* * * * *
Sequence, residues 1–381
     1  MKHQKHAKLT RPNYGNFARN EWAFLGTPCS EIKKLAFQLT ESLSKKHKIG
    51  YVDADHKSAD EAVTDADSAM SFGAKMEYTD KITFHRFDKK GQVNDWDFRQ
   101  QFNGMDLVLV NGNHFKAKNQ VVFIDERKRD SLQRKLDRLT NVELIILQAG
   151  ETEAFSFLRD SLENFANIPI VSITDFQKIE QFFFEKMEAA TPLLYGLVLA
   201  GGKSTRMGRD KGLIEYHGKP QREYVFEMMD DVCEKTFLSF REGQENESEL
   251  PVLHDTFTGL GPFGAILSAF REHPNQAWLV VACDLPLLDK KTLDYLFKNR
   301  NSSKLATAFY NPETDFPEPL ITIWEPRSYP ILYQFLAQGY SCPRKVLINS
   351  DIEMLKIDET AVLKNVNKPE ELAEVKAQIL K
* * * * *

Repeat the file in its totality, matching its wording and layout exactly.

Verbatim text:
Sequence, residues 1–381
     1  MKHQKHAKLT RPNYGNFARN EWAFLGTPCS EIKKLAFQLT ESLSKKHKIG
    51  YVDADHKSAD EAVTDADSAM SFGAKMEYTD KITFHRFDKK GQVNDWDFRQ
   101  QFNGMDLVLV NGNHFKAKNQ VVFIDERKRD SLQRKLDRLT NVELIILQAG
   151  ETEAFSFLRD SLENFANIPI VSITDFQKIE QFFFEKMEAA TPLLYGLVLA
   201  GGKSTRMGRD KGLIEYHGKP QREYVFEMMD DVCEKTFLSF REGQENESEL
   251  PVLHDTFTGL GPFGAILSAF REHPNQAWLV VACDLPLLDK KTLDYLFKNR
   301  NSSKLATAFY NPETDFPEPL ITIWEPRSYP ILYQFLAQGY SCPRKVLINS
   351  DIEMLKIDET AVLKNVNKPE ELAEVKAQIL K